Unveiling the Dark Truth: Exploitation of Young Girls in Zimbabwe’s Mining Communities

By Davison Marenga –

In the heart of Mutoko, a district known for its vast mineral wealth, a troubling trend has emerged. Reports from the recent District Alternative Mining Indaba held in Mutoko convened by the Zimbabwe Council of Churches (ZCC), Zimbabwe Environmental Law Association (ZELA), and The Zimbabwe Coalition on Debt and Development (ZIMCODD) have shed light on a disturbing increase in the exploitation of young girls in rural mining communities.

Mine workers, capitalizing on the desperation caused by drought, are enticing vulnerable girls with trinkets, perpetuating a cycle of manipulation and abuse. The Indaba revealed a stark reality – the absence of clear regulations governing artisanal mining has left children at the mercy of exploitation, with little protection from parents, lawmakers, or law enforcement.

This issue is not isolated to Mutoko alone; it plagues mining communities nationwide where artisanal mining thrives. Shocking statistics indicate that one in every four young women in Zimbabwe faces a high risk of contracting sexually transmitted infections, with even greater odds for those already living with HIV.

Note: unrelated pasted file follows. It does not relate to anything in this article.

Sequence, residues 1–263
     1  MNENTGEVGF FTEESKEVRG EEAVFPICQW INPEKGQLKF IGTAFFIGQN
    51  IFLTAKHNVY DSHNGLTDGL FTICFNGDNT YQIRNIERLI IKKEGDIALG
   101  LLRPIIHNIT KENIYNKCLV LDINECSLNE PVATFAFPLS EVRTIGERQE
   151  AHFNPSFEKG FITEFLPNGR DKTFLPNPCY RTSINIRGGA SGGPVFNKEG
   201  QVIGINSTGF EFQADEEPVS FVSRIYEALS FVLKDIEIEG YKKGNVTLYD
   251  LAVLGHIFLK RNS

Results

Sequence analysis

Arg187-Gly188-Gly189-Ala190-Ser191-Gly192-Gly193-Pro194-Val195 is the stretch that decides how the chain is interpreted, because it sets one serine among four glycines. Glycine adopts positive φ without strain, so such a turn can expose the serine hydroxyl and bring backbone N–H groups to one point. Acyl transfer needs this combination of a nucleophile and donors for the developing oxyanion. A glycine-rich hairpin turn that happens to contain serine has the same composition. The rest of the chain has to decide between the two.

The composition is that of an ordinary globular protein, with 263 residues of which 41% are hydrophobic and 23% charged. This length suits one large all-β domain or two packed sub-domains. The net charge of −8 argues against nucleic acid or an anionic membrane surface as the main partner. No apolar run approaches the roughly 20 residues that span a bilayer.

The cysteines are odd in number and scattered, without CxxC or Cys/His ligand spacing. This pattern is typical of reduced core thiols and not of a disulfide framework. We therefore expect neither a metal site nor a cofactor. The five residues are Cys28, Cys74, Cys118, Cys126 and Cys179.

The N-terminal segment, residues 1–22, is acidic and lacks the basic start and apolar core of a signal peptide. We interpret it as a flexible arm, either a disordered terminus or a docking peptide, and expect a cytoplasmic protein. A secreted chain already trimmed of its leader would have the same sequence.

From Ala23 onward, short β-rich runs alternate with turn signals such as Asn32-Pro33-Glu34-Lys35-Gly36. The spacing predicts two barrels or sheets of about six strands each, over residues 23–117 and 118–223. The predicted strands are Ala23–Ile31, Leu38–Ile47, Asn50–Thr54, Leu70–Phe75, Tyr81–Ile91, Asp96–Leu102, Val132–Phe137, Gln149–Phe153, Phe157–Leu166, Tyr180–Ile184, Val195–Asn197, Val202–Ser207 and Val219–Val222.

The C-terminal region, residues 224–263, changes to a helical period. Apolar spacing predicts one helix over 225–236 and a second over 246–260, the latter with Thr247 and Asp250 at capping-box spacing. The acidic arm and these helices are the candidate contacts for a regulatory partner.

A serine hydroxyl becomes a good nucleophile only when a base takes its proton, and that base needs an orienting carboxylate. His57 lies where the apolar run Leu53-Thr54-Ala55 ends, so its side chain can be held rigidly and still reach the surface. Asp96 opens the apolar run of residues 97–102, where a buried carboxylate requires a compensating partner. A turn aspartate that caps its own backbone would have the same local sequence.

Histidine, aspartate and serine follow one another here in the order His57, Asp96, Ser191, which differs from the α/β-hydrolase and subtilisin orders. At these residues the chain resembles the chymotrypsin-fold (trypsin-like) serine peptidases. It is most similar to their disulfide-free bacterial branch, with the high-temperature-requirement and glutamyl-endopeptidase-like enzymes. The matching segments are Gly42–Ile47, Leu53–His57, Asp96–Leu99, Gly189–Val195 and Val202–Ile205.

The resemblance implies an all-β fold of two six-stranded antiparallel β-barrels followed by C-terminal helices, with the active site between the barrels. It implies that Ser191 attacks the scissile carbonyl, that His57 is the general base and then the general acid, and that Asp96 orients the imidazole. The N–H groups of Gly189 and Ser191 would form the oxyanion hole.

The Mutoko community is grappling with the repercussions of this exploitation, as communicable diseases spread unchecked, believed to be exacerbated by mine workers engaging in relationships with underage girls.

Tichatonga Nyangu, a concerned resident, lamented the detrimental impact of the lithium rush and influx of Chinese companies, leading to a surge in girls dropping out of school as they are always caught in the traps of these miners leaving a number of them impregnated and nursing the wounds of sexually transmitted diseases.

“Most mine workers who come here do not come with their families, they end up taking advantage of local women, especially the young girls. Since the lithium rush and the pouring of Chinese companies, we have seen a rise in girls dropping out of schools”, he said.

Despite the rich deposits of black granite that have been mined since 1972, Mutoko remains entrenched in poverty. The district’s 9 communal wards, heavily reliant on agriculture for sustenance, face recurrent droughts that exacerbate their economic hardships. The situation has been further exacerbated by the El-Nino-induced drought that has hit the country this farming season.

Leave a Reply

Your email address will not be published. Required fields are marked *

@2023 | ZCC | All Rights Reserved